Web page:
PERUGIA, Italy — Newly revealed evidence, never before seen by Italian courts, supports American student Amanda Knox’s chances of being exonerated and released from jail when the appeal of her December 2009 murder conviction concludes later this month.
The Italian newsweekly “Oggi” has released a report detailing how police didn’t perform DNA analysis on a blood-stained sweatshirt found at the scene of British student Meredith Kercher’s 2007 murder until some 46 days after the British exchange student’s death.
Walter Patumi, a forensic expert hired by Knox’s defense team, told Oggi that while an Italian squad of “scientific police” were supposed to be investigating the crime scene, this key piece of evidence sat at the bottom of a basket of dirty laundry and was only identified after much of the crime scene evidence had already been moved.
“I can’t tell you how embarrassed the police were when I showed them [the sweatshirt],” Patumi told Italian GQ this week. Fueled by Patumi’s explosive revelation, some in the Italian media are now suggesting police may have planted the garment there.
This key piece of evidence has never been mentioned during court proceedings, and its emergence will likely further sway Italian public opinion in Knox’s favor. In recent weeks, the case against her has all but evaporated as judges in the case refused prosecutors’ motion to hear additional testimony from forensic experts. Previously, court-appointed independent experts contradicted prosecution claims about DNA evidence, and criticized procedures used by the local authorities during the initial investigation.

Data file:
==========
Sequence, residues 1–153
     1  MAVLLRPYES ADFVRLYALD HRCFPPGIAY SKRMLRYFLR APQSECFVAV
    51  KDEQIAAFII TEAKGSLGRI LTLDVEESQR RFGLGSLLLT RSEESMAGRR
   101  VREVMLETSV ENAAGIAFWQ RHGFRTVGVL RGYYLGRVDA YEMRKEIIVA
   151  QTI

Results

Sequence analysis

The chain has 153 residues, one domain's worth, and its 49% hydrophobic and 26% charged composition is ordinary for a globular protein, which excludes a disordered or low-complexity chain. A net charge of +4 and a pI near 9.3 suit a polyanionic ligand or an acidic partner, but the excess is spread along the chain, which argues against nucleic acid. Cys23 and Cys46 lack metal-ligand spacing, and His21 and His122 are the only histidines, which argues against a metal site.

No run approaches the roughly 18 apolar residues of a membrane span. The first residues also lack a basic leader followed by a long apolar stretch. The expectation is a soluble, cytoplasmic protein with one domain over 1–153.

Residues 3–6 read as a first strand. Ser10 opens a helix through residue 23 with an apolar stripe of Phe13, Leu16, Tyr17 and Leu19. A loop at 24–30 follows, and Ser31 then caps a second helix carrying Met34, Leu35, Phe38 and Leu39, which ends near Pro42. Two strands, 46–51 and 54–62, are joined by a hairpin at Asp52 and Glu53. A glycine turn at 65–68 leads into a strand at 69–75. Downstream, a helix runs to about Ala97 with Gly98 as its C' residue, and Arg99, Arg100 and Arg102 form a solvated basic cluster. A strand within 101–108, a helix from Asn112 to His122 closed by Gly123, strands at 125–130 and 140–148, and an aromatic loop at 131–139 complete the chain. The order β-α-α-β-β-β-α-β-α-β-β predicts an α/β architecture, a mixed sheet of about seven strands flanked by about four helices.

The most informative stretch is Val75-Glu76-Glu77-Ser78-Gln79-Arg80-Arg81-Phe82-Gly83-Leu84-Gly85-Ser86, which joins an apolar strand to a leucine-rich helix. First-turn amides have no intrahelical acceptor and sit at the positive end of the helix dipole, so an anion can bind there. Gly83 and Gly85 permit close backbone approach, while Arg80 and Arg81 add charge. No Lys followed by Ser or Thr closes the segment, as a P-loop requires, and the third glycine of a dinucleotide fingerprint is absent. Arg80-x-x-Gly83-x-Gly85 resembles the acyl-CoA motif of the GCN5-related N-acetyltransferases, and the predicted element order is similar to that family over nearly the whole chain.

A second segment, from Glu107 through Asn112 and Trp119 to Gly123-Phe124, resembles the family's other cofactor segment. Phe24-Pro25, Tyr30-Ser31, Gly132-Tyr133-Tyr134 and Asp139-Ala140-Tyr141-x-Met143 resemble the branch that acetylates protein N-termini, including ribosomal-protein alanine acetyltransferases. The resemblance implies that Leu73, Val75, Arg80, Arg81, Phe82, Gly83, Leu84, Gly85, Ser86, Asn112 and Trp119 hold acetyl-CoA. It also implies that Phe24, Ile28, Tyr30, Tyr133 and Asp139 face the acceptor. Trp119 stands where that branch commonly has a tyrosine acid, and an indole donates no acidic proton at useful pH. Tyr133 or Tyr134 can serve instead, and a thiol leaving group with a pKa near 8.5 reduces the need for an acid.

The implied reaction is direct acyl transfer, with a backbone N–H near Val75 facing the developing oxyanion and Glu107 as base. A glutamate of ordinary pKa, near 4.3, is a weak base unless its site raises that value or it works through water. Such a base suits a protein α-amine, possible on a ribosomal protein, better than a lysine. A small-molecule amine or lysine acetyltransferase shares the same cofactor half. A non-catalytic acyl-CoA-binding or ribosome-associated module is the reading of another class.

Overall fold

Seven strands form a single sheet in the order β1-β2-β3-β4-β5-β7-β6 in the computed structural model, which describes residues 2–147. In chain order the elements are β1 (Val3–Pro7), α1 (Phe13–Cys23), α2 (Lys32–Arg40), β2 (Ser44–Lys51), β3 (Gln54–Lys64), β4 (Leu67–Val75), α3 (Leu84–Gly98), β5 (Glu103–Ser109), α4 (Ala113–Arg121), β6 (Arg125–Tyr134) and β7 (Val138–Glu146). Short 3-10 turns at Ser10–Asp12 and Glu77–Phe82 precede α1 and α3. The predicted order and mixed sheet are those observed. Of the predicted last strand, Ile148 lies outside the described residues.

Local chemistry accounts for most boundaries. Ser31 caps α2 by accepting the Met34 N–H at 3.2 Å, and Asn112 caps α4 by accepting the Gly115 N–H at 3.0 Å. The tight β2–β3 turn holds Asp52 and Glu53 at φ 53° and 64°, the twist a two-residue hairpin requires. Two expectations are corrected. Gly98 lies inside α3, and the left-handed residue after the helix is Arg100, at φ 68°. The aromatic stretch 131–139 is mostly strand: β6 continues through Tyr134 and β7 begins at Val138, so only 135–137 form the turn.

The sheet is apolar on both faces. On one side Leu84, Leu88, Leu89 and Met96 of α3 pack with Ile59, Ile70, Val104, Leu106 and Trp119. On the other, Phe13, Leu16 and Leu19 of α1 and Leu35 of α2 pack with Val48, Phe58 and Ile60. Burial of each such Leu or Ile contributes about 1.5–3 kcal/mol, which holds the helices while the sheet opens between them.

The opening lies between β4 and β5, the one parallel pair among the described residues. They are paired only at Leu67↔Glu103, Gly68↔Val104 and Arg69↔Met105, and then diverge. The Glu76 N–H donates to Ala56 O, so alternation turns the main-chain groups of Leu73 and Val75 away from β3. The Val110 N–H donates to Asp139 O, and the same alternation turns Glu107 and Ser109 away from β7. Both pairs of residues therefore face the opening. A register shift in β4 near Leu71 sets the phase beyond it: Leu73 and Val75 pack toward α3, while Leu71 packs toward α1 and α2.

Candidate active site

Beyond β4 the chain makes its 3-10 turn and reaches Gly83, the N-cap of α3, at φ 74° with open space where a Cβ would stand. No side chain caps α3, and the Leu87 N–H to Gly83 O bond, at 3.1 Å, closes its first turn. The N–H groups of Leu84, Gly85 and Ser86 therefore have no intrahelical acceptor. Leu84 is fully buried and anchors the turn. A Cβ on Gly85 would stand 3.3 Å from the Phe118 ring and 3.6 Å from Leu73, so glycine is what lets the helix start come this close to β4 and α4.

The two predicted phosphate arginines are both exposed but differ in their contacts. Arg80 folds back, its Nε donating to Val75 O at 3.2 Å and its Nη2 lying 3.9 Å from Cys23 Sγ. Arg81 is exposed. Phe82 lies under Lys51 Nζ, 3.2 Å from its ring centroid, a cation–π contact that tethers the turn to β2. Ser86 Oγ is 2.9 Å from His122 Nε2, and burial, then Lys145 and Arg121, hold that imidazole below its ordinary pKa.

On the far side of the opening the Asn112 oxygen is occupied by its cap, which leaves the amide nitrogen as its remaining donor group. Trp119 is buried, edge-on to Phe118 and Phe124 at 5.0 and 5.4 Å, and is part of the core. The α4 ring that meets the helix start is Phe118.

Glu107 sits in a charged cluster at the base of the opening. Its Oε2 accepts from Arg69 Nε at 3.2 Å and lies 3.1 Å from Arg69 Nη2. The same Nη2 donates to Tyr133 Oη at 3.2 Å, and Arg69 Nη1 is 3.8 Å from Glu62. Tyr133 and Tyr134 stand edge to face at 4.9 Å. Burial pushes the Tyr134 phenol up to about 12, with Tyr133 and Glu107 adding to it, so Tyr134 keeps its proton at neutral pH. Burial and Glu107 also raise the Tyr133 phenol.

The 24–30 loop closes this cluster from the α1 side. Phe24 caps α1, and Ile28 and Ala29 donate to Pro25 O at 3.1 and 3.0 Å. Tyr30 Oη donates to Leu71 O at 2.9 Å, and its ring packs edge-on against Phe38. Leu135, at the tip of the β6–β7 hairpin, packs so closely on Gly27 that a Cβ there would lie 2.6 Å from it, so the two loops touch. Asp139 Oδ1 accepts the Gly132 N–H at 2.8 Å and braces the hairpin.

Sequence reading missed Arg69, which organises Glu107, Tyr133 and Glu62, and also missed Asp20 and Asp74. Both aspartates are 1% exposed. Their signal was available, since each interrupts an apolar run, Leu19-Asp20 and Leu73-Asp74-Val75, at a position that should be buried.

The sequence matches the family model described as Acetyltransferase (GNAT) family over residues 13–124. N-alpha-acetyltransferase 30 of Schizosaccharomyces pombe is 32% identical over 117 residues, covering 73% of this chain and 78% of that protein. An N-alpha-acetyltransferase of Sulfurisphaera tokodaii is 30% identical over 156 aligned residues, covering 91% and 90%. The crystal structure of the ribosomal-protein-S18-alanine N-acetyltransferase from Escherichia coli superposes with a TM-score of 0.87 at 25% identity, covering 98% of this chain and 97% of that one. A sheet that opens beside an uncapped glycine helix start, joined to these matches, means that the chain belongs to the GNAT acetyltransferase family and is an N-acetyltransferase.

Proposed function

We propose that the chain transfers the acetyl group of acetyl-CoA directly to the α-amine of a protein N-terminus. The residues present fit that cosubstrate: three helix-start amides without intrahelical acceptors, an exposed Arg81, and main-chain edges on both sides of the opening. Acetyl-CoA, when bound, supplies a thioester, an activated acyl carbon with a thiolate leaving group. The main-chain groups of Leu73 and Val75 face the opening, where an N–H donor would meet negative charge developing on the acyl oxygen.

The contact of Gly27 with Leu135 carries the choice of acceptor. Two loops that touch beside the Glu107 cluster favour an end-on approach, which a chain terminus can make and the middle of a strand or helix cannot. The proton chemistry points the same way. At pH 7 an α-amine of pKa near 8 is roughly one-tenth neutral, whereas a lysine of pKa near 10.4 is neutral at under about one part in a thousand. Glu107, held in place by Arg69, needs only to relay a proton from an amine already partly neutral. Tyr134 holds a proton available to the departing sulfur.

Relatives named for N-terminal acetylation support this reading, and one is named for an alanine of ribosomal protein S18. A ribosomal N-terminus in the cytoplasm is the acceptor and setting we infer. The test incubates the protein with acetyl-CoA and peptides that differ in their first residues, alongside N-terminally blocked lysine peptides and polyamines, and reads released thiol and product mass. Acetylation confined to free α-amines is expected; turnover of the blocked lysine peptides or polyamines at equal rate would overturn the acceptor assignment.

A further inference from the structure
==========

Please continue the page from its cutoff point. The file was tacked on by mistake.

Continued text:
Ironically, a sweater worn by Knox after the murder — one which police claimed she had burned because her blood was on it — was found intact on Amanda’s bed in April 2008, six months after Kercher’s murder.
Madison Paxton, 24, Amanda’s best friend from her days at the University of Washington, is in Perugia for the appeal. She told The Daily Caller: “It’s disgusting to me that a magazine has done more to uncover the truth and reexamine the evidence than those responsible for keeping innocent people in prison.”
Also bolstering Knox’s case is a police wiretap recording which Oggi first published on September 7. In the recording, Rudy Guede, an African immigrant who was also convicted in Kercher’s murder, tells a friend during a Skype phone call that a man whom he didn’t recognize killed Kercher after entering the apartment she shared with Knox.
In the phone call, Guede claimed that he was in the bathroom after engaging in sexual activity with Kercher when she was attacked, and that he was injured in an altercation with her assailant. Guede made no mention in the call of having seen Knox at the murder scene.
Closing arguments for Knox’s appeals trial begin on September 23.